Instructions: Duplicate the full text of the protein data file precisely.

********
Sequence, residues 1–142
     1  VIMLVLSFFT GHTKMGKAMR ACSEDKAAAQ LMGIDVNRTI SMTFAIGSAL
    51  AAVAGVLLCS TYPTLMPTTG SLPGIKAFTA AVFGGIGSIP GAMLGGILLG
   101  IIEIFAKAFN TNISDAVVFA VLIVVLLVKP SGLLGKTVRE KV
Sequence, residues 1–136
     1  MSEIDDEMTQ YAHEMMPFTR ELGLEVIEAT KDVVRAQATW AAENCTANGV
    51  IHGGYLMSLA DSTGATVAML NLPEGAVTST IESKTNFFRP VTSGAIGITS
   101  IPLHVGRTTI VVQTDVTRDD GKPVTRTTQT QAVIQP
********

Sequence, residues 1–142
     1  VIMLVLSFFT GHTKMGKAMR ACSEDKAAAQ LMGIDVNRTI SMTFAIGSAL
    51  AAVAGVLLCS TYPTLMPTTG SLPGIKAFTA AVFGGIGSIP GAMLGGILLG
   101  IIEIFAKAFN TNISDAVVFA VLIVVLLVKP SGLLGKTVRE KV
Sequence, residues 1–136
     1  MSEIDDEMTQ YAHEMMPFTR ELGLEVIEAT KDVVRAQATW AAENCTANGV
    51  IHGGYLMSLA DSTGATVAML NLPEGAVTST IESKTNFFRP VTSGAIGITS
   101  IPLHVGRTTI VVQTDVTRDD GKPVTRTTQT QAVIQP